CAD eases MRI-based herniated disk diagnosis

By Eric Barnes, staff writer

June 28, 2010 -- GENEVA - Herniated lumbar disks aren't the most common back injury, but when they occur they often require surgery. And diagnosis requires tedious manual measurements -- or at least it did until researchers from London found a way to automate the process.

"Lower back pain is a major health concern with major effects on patients' quality of life, while at the same time it imposes tremendous costs on society, with costs exceeding $100 billion per year in the U.S. alone," said Sofia Michopoulou from University College London.

Intervertebral disk herniation is seen in the localized displacement of disk material beyond the limits of the intervertebral disk space -- either protrusion or extrusion. All images courtesy of Sofia Michopoulou.

MRI is nearly ideal as a diagnostic tool for intervertebral lumbar disk herniation due to its excellent soft-tissue contrast, which enables precise delineation of the disk borders, said Michopoulou in a Friday presentation at the Computer Assisted Radiology and Surgery (CARS) meeting in Geneva.

Unfortunately, the diagnosis is a time-consuming process that "relies on qualitative descriptions of the disk boundaries, or semiquantitative disk measurements," and as a result suffers from moderately poor interobserver agreement (κ < 0.6), she said.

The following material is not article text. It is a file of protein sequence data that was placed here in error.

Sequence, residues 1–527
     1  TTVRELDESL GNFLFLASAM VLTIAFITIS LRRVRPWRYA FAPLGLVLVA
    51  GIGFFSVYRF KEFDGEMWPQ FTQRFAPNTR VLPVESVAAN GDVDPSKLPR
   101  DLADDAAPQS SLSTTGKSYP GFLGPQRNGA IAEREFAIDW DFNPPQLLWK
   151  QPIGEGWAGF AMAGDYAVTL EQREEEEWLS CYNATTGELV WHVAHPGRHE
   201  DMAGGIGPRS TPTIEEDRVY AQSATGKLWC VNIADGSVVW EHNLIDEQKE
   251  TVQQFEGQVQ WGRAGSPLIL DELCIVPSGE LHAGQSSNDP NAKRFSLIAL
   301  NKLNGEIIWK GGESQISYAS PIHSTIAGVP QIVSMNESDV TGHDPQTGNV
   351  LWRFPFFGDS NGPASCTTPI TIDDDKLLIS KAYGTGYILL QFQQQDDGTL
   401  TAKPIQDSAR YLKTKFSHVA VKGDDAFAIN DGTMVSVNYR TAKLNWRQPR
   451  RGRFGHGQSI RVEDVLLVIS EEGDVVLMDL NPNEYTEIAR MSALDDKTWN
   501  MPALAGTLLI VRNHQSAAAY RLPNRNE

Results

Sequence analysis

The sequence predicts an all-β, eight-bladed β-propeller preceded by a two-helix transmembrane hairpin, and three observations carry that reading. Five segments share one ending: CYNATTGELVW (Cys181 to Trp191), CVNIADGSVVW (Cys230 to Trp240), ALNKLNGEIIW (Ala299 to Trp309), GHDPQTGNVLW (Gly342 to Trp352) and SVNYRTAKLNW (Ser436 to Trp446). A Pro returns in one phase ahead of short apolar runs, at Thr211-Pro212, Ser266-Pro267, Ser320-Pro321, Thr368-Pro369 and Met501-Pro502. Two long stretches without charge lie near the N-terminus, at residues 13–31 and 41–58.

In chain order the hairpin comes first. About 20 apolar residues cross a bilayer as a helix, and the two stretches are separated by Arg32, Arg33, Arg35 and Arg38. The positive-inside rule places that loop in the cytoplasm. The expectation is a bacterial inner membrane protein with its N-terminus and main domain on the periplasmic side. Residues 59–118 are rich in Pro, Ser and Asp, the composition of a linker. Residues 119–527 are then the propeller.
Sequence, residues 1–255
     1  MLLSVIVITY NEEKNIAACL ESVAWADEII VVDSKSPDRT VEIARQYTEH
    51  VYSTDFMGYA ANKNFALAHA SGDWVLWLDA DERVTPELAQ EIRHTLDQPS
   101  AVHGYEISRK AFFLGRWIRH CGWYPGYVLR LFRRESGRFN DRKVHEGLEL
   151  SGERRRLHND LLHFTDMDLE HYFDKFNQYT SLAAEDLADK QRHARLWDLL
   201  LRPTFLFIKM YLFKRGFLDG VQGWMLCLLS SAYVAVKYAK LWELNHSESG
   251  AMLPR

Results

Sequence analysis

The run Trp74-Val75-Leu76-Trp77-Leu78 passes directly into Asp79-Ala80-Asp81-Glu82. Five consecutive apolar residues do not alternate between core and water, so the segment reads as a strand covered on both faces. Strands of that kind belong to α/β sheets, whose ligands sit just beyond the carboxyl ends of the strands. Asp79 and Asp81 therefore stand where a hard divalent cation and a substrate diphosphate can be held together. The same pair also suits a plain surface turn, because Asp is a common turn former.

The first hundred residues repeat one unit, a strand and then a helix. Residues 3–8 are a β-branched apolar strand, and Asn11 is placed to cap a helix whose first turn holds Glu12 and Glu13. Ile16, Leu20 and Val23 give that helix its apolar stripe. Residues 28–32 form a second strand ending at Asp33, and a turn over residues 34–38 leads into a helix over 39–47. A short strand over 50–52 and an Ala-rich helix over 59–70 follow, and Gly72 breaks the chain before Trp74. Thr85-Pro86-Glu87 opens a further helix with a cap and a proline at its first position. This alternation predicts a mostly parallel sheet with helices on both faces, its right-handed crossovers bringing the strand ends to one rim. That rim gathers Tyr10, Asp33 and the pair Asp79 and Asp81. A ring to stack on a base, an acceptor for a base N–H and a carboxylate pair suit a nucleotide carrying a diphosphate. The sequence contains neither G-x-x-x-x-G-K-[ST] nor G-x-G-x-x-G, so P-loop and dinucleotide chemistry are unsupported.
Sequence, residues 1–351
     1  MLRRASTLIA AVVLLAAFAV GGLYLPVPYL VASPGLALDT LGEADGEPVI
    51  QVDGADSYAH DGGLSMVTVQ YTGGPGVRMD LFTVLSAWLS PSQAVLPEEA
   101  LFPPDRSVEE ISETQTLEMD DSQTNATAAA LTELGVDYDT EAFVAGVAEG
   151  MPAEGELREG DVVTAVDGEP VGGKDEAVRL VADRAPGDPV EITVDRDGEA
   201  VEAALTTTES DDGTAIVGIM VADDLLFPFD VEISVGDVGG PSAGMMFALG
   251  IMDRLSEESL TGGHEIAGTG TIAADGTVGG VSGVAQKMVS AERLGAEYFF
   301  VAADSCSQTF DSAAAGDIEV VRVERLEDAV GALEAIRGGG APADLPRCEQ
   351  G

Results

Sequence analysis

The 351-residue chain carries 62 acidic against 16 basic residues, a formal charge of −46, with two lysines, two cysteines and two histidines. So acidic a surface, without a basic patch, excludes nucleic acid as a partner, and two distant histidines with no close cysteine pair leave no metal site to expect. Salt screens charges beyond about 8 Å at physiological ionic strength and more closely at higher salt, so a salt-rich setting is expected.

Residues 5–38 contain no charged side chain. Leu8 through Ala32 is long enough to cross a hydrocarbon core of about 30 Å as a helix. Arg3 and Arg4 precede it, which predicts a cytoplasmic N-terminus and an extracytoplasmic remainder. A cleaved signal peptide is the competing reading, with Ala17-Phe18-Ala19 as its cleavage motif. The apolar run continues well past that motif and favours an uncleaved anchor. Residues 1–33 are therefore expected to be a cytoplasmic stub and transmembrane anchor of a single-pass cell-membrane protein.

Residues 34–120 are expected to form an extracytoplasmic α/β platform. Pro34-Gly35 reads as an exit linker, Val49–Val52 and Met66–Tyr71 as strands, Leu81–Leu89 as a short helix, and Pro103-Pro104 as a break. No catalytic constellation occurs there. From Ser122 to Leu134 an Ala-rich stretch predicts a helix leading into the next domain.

But hernia size does matter, especially for evaluating spontaneous regression and monitoring the disease process, she said. Surgery isn't always necessary -- sometimes conservative treatment can alleviate the symptoms or even eliminate the back pain and sciatica. But accurate diagnosis is essential for good patient management.

Because measurements are operator-dependent, clinicians are "sometimes hesitant to call it" herniation, she said. Therefore, her study sought to design an image analysis tool for the quantification and computer-aided diagnosis (CAD) of intervertebral disk herniation.

"The motivation is to provide a second reader to support the initial diagnosis and improve interobserver agreement," Michopoulou said. An automated tool would also help by providing accurate and repeatable measurements of hernia size and helping to monitor changes over time, in addition to reducing the need for tedious manual segmentation and measurements.

Michopoulou and colleagues examined 100 lumbar intervertebral disk studies from 20 T2-weighted MR images of the spine acquired on a 3-tesla MRI scanner (Signa, GE Healthcare, Chalfont St. Giles, U.K.). The multislice 2D data were acquired with a voxel size of 0.55 x 0.55 x 3 mm3, plus a 1-mm interslice gap, Michopoulou explained.

"The good thing is that [the studies] are readily available in clinical practice, but the bad thing is that they are 2D data, so we can't really get good volumetric information out of them," she said. Interpolation was used in some datasets to approximate 3D image data.

Ground truth for grading the extent of disease was provided by an experienced musculoskeletal radiologist who characterized the disks as normal or herniated (protrusion or extrusion) following the Nomenclature Project guidelines. In all, there were 71 normal disks, 21 protrusions, and eight extrusions in the cohort.